The first fall rains on the farm are welcome as they give all the crops a good drenching.. doing a much more thorough job than we do with our irrigation system. The rain is not good for the berries however.. it makes them wet, soggy and quick to spoil so please enjoy your berries quickly!

We spent another part of Sunday erecting a large carport to store our tractor implements under this winter. This year we have invested in our new Kubota tractor along with the costly implements of a new rototiller and flail mower.

In the next coming weeks we will be cleaning up the farm.. tilling in old crops and starting to plant out our cover crops which will arrive this week (all 350 pounds of them!) We will need to make the tough call about when to call it quits on the strawberry patch and till them in before the ground is too muddy to work. The strawberries you have been enjoying this year are now in their second year which is their last year. As the years progress the berries produce less and less, are smaller and not as sweet. This coming Spring we will replant 2,000 new strawberry crowns and will be rewarded soon after with large, sweet berries!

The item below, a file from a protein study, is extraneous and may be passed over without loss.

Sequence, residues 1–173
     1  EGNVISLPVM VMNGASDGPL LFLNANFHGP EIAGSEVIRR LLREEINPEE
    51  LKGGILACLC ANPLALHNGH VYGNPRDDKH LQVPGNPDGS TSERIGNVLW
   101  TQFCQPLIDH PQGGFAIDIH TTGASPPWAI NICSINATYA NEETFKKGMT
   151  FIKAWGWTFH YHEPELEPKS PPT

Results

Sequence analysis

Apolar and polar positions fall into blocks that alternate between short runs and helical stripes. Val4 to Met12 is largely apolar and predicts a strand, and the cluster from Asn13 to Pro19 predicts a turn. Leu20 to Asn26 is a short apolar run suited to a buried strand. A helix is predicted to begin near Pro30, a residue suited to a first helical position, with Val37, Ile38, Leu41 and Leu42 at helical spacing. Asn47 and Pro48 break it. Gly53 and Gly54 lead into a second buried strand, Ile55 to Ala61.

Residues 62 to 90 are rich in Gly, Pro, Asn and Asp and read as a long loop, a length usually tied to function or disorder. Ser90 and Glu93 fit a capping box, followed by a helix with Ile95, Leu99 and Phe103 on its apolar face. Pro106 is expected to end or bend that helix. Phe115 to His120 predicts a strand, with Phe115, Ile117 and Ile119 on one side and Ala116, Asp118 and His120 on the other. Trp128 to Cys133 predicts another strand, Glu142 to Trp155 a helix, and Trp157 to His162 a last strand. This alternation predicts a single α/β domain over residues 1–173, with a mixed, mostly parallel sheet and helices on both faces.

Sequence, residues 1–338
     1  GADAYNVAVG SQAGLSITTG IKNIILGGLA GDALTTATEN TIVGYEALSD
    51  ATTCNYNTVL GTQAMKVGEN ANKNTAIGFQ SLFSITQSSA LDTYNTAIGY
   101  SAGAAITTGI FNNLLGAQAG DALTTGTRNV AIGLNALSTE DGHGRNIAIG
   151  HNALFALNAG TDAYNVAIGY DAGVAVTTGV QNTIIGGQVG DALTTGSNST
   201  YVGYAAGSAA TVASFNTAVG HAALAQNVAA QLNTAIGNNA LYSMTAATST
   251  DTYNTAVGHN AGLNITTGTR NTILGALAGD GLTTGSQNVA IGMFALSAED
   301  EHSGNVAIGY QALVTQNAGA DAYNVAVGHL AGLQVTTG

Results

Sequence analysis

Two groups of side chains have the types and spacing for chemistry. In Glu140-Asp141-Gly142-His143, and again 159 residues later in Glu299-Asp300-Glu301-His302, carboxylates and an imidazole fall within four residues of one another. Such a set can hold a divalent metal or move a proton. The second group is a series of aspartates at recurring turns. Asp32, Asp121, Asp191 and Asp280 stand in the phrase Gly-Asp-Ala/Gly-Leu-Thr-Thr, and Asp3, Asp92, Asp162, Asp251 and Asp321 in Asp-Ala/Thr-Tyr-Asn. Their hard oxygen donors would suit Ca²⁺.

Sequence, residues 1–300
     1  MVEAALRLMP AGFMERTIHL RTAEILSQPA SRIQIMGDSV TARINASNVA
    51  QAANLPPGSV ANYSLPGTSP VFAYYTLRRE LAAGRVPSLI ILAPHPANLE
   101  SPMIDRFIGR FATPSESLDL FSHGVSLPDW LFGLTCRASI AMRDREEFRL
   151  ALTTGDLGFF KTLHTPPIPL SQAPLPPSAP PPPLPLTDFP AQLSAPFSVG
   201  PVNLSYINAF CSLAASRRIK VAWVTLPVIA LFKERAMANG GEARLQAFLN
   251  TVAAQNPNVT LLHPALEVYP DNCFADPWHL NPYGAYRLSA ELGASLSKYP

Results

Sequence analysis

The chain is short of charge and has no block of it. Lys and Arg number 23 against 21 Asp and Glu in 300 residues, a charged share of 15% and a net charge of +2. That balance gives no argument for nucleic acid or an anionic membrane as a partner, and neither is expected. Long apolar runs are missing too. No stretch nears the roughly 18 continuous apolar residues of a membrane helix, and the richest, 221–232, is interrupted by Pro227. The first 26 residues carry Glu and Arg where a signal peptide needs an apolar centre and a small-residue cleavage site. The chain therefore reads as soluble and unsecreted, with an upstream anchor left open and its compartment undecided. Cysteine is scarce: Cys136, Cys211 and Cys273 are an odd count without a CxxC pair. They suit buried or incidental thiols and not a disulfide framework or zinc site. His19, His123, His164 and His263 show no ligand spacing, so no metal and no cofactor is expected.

The last big planting we will do this Fall is planting out our garlic. We would love to have some help planting out the cloves. We will be planting it out on Sunday October 16th from 1-4 pm. There will be snacks provided! Please let us know if you can make it out even if just for an hour.

Enjoy the tastes of Fall!

Suzie, Asinete, Tione, M.A, Sally, Violet & Grandma GG

Harvest This Week Includes:


Red Meat Radish *also called watermelon radish.. cut them open and see why!

Sweet Corn (please excuse the corn ear worm at the top. The tip of the corn is all they should be living in.. simply cut off the tip and eat!)

Strawberries OR Raspberries

Boothby Blonde Cucumbers ( a crunchy, sweet, heirloom gherkin from Maine)


Tomatoes (large ones only this week.. the rain made all the cherry toms split open)

Sweet Peppers (some are ugly we know. These have been sunburned. Just cut away that part and eat the rest.. they are still good!)


Yellow Copra Storage Onions

French Fingerling Potatoes (look at the beautiful blush inside when you cut it!)

Watermelon (finally!) Instead of eating cold out in the warm sunshine you may have to eat huddled up by your wood stove!) Eat it and relive the long days of summer :)

Recipe Ideas

Beet Risotto with Purple Greens

6 cups vegetable stock
1 tablespoon butter
2 tablespoons olive oil
3 small spring onion bulbs, chopped
1 spring garlic stem, or 4 garlic chives, chopped
1 1/2 cups Arborio rice